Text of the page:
The question arises as to whether or not total quality management (TQM) has any relevance in human resource management. Indeed many are still trying to determine what role HR can play in quality management.
But before that, what is TQM?
TQM is understood as a management philosophy on the continuous improvement of the quality of products and processes.
BS 7850-1, defines TQM "as management philosophy and company practices that aim to harness the human and material resources of an organization in the most effective way to achieve the objectives of the organization."
There are nine common TQM practices identified by Cua, McKone, and Schroeder (2001), namely,
1. cross-functional product design
2. process management
3. supplier quality management
4. customer involvement
5. information and feedback
6. committed leadership
7. strategic planning
8. cross-functional training
9. employee involvement
HR is clearly involved in improving leaders commitment, training and employee involvement. But as a business partner, HR plays a role in every area of organizational activities.
HR is expected to get acquainted with the business of the organization. This is clearly demonstrated in organizations that provide services to customers. The focus is on customer needs.
HR is expected to facilitate the ivolvement of every level of employees in the continuous improvement of processes in order to serve customers better. Better processes should result in quality products and services. And this is expected to attract new customers and to retain current ones.
Successful implementation of TQM
Nayantara Padhi (2010) states that successful implementation of Total Quality Management requires an organization to concentrate on the eight key elements, namely
1. Ethics which concerns what are right or wrong in doing things
2. Integrity implying honesty, morals, values, fairness
3. Trust that builds the cooperative environment essential for TQM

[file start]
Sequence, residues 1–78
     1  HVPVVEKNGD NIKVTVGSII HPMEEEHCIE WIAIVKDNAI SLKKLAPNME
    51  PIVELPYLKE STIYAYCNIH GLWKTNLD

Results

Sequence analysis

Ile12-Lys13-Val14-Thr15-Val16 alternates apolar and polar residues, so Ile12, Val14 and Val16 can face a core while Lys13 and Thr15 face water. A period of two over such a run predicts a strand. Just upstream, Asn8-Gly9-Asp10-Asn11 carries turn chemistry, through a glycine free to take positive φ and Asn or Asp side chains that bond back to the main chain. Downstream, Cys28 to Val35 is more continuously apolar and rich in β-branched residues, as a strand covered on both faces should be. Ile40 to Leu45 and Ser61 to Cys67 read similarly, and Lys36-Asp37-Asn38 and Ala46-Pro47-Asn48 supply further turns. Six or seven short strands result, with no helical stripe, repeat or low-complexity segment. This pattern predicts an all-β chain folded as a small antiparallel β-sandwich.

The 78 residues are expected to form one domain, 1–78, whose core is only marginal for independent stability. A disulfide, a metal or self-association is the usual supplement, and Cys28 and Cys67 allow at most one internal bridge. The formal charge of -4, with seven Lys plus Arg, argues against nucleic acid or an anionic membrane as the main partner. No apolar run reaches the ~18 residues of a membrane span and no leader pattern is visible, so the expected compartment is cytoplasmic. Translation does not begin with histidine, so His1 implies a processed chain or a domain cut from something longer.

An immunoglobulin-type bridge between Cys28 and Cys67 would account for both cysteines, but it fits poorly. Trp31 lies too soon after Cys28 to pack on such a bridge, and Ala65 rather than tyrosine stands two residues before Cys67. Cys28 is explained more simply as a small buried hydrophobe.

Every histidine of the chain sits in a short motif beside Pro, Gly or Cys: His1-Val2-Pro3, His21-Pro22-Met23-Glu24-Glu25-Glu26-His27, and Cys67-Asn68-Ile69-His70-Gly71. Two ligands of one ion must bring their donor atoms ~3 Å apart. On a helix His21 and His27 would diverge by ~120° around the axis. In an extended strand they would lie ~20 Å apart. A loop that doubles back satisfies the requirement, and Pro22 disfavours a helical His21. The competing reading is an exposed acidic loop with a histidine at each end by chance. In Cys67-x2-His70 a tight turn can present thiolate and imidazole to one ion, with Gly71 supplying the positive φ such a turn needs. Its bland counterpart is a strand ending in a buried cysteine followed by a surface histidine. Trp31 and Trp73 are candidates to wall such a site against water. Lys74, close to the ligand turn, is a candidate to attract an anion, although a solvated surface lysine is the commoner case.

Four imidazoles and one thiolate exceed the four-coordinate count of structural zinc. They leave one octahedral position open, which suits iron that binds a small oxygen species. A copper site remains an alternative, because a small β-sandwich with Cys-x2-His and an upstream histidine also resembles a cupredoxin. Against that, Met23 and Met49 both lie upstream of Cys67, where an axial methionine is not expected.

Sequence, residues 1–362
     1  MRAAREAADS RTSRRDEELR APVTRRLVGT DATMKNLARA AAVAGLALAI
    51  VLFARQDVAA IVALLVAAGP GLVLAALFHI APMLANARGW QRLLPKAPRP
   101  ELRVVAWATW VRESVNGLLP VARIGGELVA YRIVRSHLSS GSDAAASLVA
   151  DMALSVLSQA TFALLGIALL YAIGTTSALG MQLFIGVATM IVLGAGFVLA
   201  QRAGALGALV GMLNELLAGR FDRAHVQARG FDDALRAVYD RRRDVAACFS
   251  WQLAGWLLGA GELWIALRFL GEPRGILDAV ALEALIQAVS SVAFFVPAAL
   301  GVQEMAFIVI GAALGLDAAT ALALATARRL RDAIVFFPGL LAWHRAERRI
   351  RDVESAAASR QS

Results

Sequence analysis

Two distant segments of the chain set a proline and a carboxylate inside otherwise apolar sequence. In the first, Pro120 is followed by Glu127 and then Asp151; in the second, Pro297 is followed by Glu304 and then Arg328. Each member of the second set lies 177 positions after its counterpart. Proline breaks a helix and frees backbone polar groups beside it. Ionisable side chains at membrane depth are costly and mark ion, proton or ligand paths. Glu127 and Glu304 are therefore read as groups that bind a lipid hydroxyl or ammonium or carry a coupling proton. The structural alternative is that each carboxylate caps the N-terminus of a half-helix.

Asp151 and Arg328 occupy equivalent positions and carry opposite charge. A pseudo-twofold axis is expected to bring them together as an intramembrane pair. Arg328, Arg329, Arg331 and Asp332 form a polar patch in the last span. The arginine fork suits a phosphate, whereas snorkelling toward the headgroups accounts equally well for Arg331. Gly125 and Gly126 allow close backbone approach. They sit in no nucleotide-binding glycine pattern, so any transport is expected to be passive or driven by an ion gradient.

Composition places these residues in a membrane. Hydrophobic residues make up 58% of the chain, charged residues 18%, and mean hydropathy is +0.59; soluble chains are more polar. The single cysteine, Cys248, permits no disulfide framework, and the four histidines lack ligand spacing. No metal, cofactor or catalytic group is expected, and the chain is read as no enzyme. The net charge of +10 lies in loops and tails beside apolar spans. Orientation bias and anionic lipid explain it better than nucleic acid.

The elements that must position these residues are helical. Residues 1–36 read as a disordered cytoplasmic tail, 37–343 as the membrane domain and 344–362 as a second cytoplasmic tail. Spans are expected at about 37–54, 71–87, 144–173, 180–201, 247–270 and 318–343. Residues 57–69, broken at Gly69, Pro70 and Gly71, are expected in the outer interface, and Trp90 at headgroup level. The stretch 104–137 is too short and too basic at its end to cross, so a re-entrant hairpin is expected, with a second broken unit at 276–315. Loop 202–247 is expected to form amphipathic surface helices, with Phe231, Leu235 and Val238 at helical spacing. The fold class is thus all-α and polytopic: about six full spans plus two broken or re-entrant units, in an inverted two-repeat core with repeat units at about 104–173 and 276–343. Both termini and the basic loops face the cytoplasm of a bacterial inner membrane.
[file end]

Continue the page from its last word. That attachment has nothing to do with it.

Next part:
4. Training to improve employee productivity
5. Teamwork for quicker and better decision making. He mentions three types of teams:quality improvement teams, problem solving teams and natural work teams
6. Leadership presumably the most important element
7. Communication that provides the vital link between all elements
8. Recognition in order to strengthen employee self-esteem
To Nayantara "Total quality is a description of the culture, attitude and organization of a company that strives to provide customers with products and services that satisfy their needs."
It is said that the limitation of Total Quality Management is connected to its neglect of HR policies and the failure to align HR policies to TQM. If HR is alienated from quality, this "could seriously retard the spread of quality through the firm. (Cruise O’Brien and Voss, 1992) They argued that quality depends on "employee involvement and commitment."
However, the limitation of Total Quality Management in HR matters offers opportunities for HR specialists to demonstrate what they can contribute.
Giles and Williams (1991) "rightly point out Personnel people have much to offer quality management.
They are guardians of key processes such as selection, appraisal, training and reward systems, which get right to the heart of achieving strategic change."
HR potential contribution to TQM, now and in future
Whether you are in HR or not, it is important to realise the role that HR can play in helping to make total quality management a success story in the organization.
Reflect on what Adrian Wilkinson, Mick Marchington & Barrie Dale had stated: "The key question must be how the function can continually improve its contribution to quality management initiatives and organisational success."
HR can offer crucial help in the contiunuous improvement in organizations.
Click HERE to read more about TQM (Thesis by Adediran Oluwatoyin & Adediran Oluseun)